In lieu of an abstract, here is a brief excerpt of the content:

  • A Sessional Manifesto
  • Adam Beardsworth (bio) and Stephanie McKenzie (bio)

WE ATTENDED A JOINT Session OF "SITUATING SESSIONALS" AT ACCUTE and the Committee for Professional CONCERNS

AT THE CONGRESS OF THE SOCIAL Sciences AND Humanities, UNB FREDERICTON, MAY 2011.

THE FOLLOWING is a RESPONSE to ideas raised at this SESSION. THE INSIGHTS and SUGGESTIONS BELOW are shaped by HAVING BEEN SESSIONAL LABOURERS at various universities over the years and by COMMENTS BY other SESSIONAL LABOURERS. [End Page 25]

This DOCUMENT is intended, if possible, to be an errata slip for collective agreements and is infused with the reflection that although working conditions of sessional labourers affect everyone in a department this panel did not attract that kind of broad audience. There is a need to disseminate as widely as possible the problems that beset sessional workers at universities.

The Sessional Manifesto

Institutional POWERS have aligned to discipline sessional instructors: administrations that exploit sessional labour for increased institutional profit; departments that unload supra-contractual work on sessionals under the auspices of professional development; TENURED FACULTY members who treat sessionals as second-class intellectuals, failing to respect their contractual limitations; students who are increasingly aware of, and eager to exploit, the relationship between course evaluations and the renewal of sessional contracts.

In the face of the above facts, two new realities must be articulated:

  1. I. Sessional instructors have emerged as a primary component of contemporary secondary education.

  2. II. Sessional instructors, in the face of exploitation and alienation, must proclaim their RIGHTS within the context of Canadian postsecondary institutions.

The time has come for a sessional manifesto that defines contractual RIGHTS, discusses professional concerns, and provides a voice of solidarity for the benefit of the thousands of academics working without the psychological and economic security of tenure-track positions.

Society of the Sessional

The sessional instructor is under constant interpellation by the disciplinary gaze: those colleagues whose surveillance leaves sessionals feeling like future employment is at stake with each conversation; those students who, based on signifiers such as [End Page 26] shared office space or a roster full of first-year courses, intuit that their professor is of lesser value than the "real" professors who teach upper-level courses; those friends and family who wonder why, after obtaining PhDs, sessionals continue to earn less per annum than entry-level government employees. The society of the sessional is dystopian.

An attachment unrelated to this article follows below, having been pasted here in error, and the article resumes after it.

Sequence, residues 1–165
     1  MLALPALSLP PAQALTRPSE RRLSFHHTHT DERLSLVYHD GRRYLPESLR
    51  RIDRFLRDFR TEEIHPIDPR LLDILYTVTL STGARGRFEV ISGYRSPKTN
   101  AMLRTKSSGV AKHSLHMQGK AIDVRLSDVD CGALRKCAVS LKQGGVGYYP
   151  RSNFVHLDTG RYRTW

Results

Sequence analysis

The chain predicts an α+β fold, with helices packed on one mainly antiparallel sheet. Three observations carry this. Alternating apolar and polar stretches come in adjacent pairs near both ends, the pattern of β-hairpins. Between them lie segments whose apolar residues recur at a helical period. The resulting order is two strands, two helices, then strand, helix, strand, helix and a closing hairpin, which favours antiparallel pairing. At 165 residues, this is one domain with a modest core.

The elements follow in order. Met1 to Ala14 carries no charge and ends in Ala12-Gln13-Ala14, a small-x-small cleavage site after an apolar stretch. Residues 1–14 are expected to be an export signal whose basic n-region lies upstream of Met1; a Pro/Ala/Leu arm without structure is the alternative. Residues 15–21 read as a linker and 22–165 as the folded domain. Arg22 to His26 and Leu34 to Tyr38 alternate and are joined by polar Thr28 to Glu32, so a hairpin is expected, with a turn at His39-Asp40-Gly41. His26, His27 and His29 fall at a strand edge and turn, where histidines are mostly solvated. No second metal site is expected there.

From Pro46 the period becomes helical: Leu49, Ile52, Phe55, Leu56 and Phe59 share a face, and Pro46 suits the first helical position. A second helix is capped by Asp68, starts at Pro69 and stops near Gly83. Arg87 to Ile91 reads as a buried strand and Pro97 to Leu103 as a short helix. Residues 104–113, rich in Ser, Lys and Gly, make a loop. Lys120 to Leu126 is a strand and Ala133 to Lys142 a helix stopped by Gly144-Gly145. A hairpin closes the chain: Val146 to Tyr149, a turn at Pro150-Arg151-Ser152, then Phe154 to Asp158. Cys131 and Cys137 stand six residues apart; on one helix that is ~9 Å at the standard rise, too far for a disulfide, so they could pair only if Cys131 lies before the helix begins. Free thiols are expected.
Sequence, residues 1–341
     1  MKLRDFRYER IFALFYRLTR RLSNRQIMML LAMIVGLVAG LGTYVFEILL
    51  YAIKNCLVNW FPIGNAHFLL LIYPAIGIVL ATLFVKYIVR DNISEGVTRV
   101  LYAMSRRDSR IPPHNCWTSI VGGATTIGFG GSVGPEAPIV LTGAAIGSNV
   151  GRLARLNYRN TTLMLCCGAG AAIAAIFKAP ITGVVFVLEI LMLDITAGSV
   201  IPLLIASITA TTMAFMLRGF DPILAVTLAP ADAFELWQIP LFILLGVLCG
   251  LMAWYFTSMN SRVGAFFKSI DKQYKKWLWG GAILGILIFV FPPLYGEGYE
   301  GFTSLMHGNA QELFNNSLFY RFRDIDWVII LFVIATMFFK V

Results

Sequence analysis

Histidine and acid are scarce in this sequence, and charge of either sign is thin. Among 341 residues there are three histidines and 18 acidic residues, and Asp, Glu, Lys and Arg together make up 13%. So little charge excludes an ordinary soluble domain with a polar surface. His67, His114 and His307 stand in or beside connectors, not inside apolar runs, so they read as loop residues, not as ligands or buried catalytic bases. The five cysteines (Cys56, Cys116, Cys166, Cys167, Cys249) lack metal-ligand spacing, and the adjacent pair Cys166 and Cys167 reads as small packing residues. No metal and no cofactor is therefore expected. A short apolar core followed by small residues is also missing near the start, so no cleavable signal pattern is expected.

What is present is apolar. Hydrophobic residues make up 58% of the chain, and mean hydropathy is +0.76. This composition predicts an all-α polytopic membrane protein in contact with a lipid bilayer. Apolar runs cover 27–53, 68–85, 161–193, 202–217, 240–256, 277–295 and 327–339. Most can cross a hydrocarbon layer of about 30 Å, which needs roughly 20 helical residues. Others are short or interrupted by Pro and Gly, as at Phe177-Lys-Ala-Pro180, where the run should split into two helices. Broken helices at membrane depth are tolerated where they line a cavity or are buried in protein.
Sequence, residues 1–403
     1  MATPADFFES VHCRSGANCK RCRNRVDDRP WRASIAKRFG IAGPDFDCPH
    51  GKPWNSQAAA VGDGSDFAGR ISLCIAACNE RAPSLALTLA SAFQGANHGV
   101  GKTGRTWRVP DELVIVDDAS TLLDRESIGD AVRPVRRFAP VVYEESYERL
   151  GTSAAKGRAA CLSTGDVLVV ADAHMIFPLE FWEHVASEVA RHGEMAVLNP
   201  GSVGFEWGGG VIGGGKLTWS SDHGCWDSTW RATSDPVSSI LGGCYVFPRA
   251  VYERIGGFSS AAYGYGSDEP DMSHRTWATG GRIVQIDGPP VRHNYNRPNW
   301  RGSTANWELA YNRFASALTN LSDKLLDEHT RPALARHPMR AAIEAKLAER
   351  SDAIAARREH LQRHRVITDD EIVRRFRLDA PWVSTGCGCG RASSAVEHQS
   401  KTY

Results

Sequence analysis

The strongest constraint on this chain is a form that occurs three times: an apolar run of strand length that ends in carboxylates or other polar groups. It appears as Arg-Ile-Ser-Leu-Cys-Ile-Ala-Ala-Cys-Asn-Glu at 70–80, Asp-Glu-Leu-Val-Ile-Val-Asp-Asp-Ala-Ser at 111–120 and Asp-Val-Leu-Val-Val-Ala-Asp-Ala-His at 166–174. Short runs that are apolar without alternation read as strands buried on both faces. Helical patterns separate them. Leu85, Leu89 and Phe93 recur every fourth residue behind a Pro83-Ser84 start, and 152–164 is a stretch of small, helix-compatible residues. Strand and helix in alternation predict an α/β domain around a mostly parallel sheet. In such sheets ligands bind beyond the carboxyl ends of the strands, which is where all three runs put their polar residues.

THE PARADOX of the INSTITUTIONAL PARADIGM

The CAPITALIST MODEL that drives universities is in opposition to democratic values. While sessional instructors teach students about EQUITY, JUSTICE, ETHICS, and DIVERSITY, they do so in the knowledge of a crippling hypocrisy: the institutions that ask them to promote these values refuse to practice them. Cynicism bred by this hypocritical environment threatens the integrity of postsecondary education.

Tenured and Tenure-Track Faculty Must Help Improve Working Conditions for Sessionals.

Those who have been sessionals and who are now tenure-track or tenured have an OBLIGATION. In stable positions, they can speak for those who do not feel comfortable speaking (for fear of threatening their jobs or potential letters of reference).

THE RIGHTS DENIED to Sessionals or the Problems which Beset Sessionals

I.

Access to intra-university funding is often DENIED to sessionals; therefore, the inability to travel to key forums means that many sessionals are not able to showcase their work and bolster their professional reputations within the job market.

II.

Too frequently, sessionals are equipped with office space that FAILS to meet the requirements of a full-time academic.

III.

Often, sessionals are required to teach overload courses with little, or no, remuneration. This adds to burn-out. As well, sessionals are often required to TEACH a large number of different courses. Preparation time, therefore, is more demanding for the sessional than a permanent hire. Sessionals might also teach summer courses in order to pay bills when a contract ends; this detracts from research time.

IV.

Often, departments suggest that it will benefit sessionals to engage in work outside teaching because such "experience" might "look good" when sessionals apply for tenure-track positions. The latter WOULD create significant problems: [End Page 27] 1) sessionals, because of such pressures, might not draw attention to the fact that they...

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Additional Information

ISSN
1913-4835
Print ISSN
0317-0802
Pages
pp. 26-30
Launched on MUSE
2012-05-02
Open Access
No
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